I paddled across, rudder up, making slight corrections as Makenuk's Fin seemed to have a mind of its own about the current and slight hint of moving air. Gulls floated in the shallows near the islands, I pulled out a camera and shot gulls floating, gulls taking off, gulls in flight, blur gulls, gulls-who-flew-out-of-the-shot gulls, gulls not in focus at all because the camera had gone into Stupid Mode...
“If you come down to the river,
Bet you gonna find some people who live.”
A boat floated in the shallows. I knew it was shallow, that I had found the flats, because my paddle made a sudden and disconcerting noise as it hit bottom. I pulled up, got out and sank into the cool water. Which involved lying flat in two feet of water, trying not to let the boat drift off, because I'd forgotten the anchor. The boat dog swam in my direction; a cheerful black lab shape panting through the water until her owners called her back.
North the haze seemed to have gotten darker. I had checked the newspaper weather report, sunny, hot, humid, sticky, sunny, Augustish. No mention of afternoon showers or thunderstorms, not even a shadow of them.
The shadow in the north was darkening. Something rumbled there. My river sense is not as honed as the people who fish it, duck hunt it, or have summer cabins on the islands. The people who live on their pontoon boats in summer, who decorate their piece of riverfront property with tacky tiki torches and fake Polynesian huts. And lighthouses and mermaids and pelicans (the one bird that doesn't come to the river).
To paraphrase Spiderman; my river sense is tingling...
The sky had definitely grown a darker shade of silver, and I was hearing rumblings that weren't at all like the fireworks that had startled us on the lake the night before.
I glanced at the boat nearby, full of boys and dog and fishing poles. They weren't revving their engine and fleeing. I glanced north.
Rumble rumble rumble.
I turned and fled. I passed the fishing boat with the dog and called out something like, “hey, you hear that thunder?” I don't know if I was seeking a second opinion, or warning them that they should get off the river before all hell broke loose. I had been caught out a couple of times in storms; once, paddling through the Rock Garden in driving rain (thankfully no lightning, yet), and once, with a handful of other paddlers, cowered under a high bank and overhanging trees as a brief storm passed through Wrightsville. Once, on Chincoteague Bay, I watched as a huge thunderhead sailed up from Arkansas or Kansas or some other western place that spawns storms that require heroines to find Tin Men and ruby slippers to get back home. There was no place to go there; only salt marsh in all directions. Flat, muddy, wet salt marsh. Fortunately, a bit earlier, I had passed something that looked, disconcertingly like Polynesian huts in the middle of Chincoteague Bay. (What IS it with the thatched huts?). Peering through the modern spyglass of binoculars had revealed the duck blind to end all duck blinds; telephone pole sized pilings sunk into the bay floor, and a veritable palace built on top of it. I fled back to the Duck Blind of the Polynesian King, pulled my boat into the boat parking garage under it, climbed the ladder and watched through the custom plexiglass window as the storm swashed across the bay.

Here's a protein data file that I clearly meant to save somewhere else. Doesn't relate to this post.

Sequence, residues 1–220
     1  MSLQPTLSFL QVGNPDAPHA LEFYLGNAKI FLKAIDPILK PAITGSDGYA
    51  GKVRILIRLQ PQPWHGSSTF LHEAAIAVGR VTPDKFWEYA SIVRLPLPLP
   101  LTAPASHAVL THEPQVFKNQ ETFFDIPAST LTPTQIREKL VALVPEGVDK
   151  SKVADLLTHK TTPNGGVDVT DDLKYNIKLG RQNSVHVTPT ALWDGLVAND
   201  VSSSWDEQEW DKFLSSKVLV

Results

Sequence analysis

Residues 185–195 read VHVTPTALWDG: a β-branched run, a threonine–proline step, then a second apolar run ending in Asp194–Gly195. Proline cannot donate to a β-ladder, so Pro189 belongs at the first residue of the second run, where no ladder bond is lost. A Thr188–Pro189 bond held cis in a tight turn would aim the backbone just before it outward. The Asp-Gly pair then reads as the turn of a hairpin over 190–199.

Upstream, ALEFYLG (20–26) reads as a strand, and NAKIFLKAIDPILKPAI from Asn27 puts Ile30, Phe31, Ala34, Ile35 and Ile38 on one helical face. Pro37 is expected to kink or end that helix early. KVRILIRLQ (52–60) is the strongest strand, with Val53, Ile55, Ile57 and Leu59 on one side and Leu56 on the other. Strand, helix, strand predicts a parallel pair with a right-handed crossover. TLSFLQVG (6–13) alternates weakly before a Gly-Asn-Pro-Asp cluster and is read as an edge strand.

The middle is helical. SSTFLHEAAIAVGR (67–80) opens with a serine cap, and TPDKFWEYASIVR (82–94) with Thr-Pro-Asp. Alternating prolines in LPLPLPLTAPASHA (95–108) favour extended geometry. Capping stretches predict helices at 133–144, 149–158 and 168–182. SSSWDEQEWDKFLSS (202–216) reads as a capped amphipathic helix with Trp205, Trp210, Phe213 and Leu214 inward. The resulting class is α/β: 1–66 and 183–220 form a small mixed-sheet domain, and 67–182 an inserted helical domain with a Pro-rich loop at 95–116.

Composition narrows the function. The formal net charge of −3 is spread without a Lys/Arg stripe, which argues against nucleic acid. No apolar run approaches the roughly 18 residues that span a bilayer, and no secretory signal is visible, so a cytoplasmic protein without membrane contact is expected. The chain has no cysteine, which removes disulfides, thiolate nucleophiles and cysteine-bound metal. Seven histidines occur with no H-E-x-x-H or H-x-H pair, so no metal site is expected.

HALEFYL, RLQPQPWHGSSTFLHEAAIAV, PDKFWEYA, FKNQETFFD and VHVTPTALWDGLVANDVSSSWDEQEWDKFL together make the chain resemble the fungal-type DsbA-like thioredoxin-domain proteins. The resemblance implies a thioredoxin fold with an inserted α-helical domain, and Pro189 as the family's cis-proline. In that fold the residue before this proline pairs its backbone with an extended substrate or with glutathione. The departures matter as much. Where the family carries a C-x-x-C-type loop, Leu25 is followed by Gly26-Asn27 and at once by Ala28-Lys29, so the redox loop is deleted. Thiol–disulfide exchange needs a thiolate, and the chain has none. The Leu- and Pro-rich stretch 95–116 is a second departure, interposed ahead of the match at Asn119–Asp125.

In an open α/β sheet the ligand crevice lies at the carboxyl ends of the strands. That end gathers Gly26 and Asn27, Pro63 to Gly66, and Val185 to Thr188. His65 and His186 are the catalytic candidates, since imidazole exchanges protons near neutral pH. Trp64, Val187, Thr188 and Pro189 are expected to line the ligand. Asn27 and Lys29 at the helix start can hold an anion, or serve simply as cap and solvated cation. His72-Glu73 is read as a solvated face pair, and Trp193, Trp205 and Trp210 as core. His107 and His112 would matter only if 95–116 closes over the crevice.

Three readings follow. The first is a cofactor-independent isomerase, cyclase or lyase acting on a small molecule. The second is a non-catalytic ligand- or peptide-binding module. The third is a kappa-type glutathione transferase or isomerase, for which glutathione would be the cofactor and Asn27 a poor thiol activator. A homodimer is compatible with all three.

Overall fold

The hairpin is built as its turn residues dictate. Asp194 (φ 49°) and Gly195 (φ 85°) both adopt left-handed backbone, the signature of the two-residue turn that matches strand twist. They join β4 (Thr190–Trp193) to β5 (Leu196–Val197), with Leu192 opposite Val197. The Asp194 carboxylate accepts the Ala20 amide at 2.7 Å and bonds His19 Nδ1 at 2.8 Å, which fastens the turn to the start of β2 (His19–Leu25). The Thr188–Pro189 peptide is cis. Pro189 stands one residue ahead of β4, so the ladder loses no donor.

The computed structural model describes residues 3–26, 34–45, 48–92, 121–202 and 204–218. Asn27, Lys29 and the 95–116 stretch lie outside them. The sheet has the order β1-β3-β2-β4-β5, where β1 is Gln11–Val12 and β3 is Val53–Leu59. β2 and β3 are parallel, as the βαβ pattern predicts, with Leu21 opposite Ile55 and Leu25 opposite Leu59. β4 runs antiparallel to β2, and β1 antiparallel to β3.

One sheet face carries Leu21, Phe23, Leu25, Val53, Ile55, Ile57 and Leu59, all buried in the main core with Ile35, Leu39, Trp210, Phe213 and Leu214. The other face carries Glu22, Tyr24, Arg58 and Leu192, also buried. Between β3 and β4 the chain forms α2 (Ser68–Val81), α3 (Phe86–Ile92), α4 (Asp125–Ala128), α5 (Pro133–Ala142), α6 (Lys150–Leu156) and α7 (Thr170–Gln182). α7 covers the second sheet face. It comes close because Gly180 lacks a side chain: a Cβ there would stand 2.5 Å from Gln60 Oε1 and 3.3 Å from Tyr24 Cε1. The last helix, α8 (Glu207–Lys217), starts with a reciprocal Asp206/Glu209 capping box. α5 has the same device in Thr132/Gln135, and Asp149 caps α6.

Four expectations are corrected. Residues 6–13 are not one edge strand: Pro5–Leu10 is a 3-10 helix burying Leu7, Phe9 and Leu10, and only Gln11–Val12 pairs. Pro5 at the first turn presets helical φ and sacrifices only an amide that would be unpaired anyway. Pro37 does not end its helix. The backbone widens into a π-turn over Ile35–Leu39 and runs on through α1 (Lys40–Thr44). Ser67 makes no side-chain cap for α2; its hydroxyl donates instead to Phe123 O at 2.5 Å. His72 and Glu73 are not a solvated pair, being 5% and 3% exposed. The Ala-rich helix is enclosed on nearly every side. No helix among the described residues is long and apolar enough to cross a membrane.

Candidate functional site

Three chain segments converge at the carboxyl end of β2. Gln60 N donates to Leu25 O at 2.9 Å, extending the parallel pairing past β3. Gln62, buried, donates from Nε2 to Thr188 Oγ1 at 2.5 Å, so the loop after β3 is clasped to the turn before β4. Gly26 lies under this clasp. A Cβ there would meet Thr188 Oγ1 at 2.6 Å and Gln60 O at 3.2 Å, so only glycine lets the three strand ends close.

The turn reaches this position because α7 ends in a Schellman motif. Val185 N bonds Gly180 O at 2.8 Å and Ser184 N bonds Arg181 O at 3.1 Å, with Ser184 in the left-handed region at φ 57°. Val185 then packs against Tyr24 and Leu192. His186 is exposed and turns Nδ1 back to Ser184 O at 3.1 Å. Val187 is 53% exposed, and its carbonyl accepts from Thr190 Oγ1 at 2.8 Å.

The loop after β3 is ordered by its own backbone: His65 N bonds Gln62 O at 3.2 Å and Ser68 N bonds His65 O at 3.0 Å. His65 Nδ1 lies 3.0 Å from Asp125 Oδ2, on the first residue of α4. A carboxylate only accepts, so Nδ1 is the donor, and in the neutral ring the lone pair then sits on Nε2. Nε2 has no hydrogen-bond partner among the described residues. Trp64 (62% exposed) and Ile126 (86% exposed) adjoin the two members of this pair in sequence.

There are duck blinds on the Susquehanna, though not so elaborate. There just weren't any between me and either shore. I eyed the north, I eyed the distant blit that was Shank's Mare's parking lot (where Fearaf waited) on the far side of the world.
Hard. I slammed down the rudder and paddled, one eye checking the ever darkening north. I watched boats with engines speed by, headed upriver to marinas, or to more sheltered spots. I began to wish kayaks came with a backup engine, like the tall ships I know. I really began to wish I'd brought the compass. If the visibility went to zero, and I was struggling across a wind and rain lashed river, the only way to know what direction you are going is that compass. Going the wrong way might take you upriver, or back to the islands, or over the dam to the south. On big water you could end up five miles offshore. And the sprayskirt, I should have put that on before I started across the river; caught in a gale, the cockpit would soon be awash without the skirt, and a boat with only a few inches of water in it is ridiculously unstable.
Rumble, rumble rumble.
I inched my way across an endless river. One hand went numb, then the other. I thought about pausing to shake it out. I paddled. Then paused, shook the offending hand, paddled on.
Shank's Mare got larger, I could see the parking lot, the van, Finrod on top, a bright yellow lighthouse beacon. I heaved up onto a stony beach between rocks. A guy was folding an inflatable raft right where I needed to beach. I paused, suppressed any antisocial thoughts. He packed up his boat and I pulled in. I heaved the 'yak, heavy with gear for an extended paddle, over the stones and up the bank onto the grass.
RUMBLE RUMBLE RUMBLE. Flash. Zotz!